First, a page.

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North Texas natives, Olympic figure skating hopefuls take pride in their identity off the ice

"After I came out, I felt so much more free. I was able to be free," said Amber Glenn, of Plano.

FORT WORTH, Texas — It is less than a year away from the 2022 Winter Olympics, and three figure skating Olympic hopefuls are putting in their training time in North Texas.

USA Team members Amber Glenn, of Plano, and pairs team Timothy LeDuc and Ashley Cain-Gribble, of Carrolton, spend almost six days a week training for their craft. 

LeDuc and Cain-Gribble have been a skating pair for six years.

"Sometimes it feels like we've been skating together for forever," said Cain-Gribble.

LeDuc and Cain-Gribble were 2019 national champions. 

Glenn was a silver medalist in the 2021 national championships. Any athlete who has accomplished anything has been through their share of ups and downs, and Glenn is no exception. Several years ago she actually left figure skating.

"I wasn't skating because I loved it. I was doing it, because that's all I knew," said Glenn.

But there is a lot more to these Team USA athletes than what they beautifully produce on the ice. 

"I'm Timothy's biggest supporter, and I'm Amber's biggest supporter, and I always will be," said Cain-Gribble.

Unlike gravity, some constructs are not so easily defined, like sexual identity and affinity. 

Glenn does not like labels but identifies as pansexual. The textbook definition for pansexual is "not limited in sexual choice with regard to biological sex, gender, or gender identity."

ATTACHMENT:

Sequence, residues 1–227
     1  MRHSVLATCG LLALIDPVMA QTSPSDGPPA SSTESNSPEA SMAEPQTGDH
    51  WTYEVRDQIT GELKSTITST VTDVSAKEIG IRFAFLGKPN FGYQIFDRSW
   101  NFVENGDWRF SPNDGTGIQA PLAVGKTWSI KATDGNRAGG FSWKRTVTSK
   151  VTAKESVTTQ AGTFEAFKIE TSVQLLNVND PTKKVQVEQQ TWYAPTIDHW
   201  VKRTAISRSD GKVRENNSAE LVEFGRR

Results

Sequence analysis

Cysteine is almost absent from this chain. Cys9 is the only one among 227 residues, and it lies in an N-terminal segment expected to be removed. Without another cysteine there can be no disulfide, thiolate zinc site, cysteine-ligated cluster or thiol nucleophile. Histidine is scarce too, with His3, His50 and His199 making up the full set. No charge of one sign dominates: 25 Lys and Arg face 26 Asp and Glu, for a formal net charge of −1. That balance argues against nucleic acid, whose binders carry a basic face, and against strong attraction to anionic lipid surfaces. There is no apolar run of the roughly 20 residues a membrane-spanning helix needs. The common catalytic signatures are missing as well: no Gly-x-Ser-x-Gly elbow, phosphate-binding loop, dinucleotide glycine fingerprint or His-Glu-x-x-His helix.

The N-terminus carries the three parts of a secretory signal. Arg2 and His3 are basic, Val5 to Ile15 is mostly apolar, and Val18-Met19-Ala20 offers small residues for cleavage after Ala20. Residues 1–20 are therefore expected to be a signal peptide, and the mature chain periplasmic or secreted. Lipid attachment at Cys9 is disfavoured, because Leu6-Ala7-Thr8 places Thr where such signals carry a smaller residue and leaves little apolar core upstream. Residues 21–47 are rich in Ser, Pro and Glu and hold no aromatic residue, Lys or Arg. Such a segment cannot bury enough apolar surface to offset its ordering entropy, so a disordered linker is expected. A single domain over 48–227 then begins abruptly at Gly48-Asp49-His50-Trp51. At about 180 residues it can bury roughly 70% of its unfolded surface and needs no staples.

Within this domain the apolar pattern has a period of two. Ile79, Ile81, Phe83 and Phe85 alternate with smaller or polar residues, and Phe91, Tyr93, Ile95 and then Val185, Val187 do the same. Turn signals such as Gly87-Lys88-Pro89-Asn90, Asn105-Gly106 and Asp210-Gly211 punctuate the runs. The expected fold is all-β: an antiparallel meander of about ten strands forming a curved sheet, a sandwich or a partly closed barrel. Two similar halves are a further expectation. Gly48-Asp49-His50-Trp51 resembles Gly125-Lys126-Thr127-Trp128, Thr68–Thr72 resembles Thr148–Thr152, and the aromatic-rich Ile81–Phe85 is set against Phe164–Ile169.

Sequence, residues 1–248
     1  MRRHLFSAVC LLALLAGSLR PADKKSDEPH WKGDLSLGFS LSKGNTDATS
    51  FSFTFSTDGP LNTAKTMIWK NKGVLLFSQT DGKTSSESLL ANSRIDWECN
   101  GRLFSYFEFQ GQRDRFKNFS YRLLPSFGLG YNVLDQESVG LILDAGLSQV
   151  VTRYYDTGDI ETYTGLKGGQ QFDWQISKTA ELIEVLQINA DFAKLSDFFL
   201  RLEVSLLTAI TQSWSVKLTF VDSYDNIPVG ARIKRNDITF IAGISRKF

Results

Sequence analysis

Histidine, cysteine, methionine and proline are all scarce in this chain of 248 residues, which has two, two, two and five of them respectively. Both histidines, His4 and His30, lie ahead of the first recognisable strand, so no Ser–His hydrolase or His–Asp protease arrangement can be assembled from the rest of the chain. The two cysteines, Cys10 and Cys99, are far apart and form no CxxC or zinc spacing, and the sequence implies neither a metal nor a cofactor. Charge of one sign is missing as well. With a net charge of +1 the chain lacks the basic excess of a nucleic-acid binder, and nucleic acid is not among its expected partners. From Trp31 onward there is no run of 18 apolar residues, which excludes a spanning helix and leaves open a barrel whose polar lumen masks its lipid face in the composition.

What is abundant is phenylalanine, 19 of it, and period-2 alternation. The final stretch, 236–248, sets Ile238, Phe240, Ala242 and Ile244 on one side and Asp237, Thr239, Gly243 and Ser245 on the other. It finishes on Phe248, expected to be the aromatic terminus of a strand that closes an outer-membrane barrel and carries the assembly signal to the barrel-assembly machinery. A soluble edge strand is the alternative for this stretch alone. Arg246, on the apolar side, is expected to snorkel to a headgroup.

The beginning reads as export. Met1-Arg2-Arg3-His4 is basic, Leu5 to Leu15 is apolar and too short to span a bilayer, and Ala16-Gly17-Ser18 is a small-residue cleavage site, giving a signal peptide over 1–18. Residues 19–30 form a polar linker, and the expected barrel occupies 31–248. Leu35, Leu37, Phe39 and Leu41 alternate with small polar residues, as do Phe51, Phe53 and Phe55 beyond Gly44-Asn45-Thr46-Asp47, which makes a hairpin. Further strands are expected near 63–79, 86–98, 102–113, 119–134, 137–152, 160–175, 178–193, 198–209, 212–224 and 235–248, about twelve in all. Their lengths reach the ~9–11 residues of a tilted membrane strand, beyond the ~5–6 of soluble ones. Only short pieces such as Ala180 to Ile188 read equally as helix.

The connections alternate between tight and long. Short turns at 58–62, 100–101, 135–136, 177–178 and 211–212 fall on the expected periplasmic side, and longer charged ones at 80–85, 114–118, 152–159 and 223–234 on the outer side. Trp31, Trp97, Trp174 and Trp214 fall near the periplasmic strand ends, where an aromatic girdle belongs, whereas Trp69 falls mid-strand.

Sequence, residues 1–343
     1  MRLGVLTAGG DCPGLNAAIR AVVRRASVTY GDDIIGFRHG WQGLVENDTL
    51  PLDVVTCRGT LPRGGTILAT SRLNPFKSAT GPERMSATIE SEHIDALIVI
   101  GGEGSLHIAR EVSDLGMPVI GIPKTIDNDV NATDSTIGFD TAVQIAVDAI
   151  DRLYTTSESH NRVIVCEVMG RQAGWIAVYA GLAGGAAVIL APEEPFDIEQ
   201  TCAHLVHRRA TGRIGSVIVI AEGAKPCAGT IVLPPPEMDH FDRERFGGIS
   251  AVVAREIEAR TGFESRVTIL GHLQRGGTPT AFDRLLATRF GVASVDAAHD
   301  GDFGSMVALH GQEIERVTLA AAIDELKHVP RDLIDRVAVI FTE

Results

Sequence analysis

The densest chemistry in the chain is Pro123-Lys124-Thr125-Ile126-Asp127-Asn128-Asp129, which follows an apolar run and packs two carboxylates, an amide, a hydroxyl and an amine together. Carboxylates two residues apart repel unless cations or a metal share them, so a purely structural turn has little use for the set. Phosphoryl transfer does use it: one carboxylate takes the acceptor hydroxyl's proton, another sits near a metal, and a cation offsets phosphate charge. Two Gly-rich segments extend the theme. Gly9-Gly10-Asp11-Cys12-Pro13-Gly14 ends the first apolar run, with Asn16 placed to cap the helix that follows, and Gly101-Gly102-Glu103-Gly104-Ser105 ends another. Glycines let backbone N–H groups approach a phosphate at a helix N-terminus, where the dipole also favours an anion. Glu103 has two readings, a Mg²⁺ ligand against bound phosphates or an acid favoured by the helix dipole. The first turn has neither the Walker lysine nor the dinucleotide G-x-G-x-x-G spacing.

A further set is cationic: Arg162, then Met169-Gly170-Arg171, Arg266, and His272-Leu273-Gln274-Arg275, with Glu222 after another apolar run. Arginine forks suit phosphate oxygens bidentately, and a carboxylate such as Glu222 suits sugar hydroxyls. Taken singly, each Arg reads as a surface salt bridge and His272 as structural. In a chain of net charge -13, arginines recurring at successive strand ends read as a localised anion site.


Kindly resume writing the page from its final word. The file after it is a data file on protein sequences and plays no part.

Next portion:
"I like a person for who they are...and if I get along with them," said Glenn.

LeDuc identifies as queer. And yes, pride month to him is a celebration but so much more. 

RELATED: 60 Seconds of Pride: Celebrating LGBTQ+ History 

"Pride is a protest. It started as a protest in the 60s," said LeDuc.

Both are openly LGBTQ athletes in an arena where pressures to perform and conform are real.

"[I want people to know] really that a champion of the sport can be a queer person, that a champion of a sport doesn't have to change something about themselves in order to be at the top," said LeDuc.

But being out opens them up to critical judges, even the misconception that being LGBTQ somehow means being weak. And weak is not even remotely a description that anyone would assign to this trio. 

LeDuc and Glenn told WFAA that very few figure skating athletes still competing take that step of announcing their sexuality or affinity. 

"After I came out, I felt so much more free. I was able to be free," said Glenn.

And for Glenn, that freedom and that weight off her shoulders helped her land the triple axle during the pandemic. It helped the pairs team draw even closer. 

Both Team USA athletes told WFAA there has been a lot more support than scorn.

"Yes, we can celebrate during Pride Month, but the work isn't done," said LeDuc.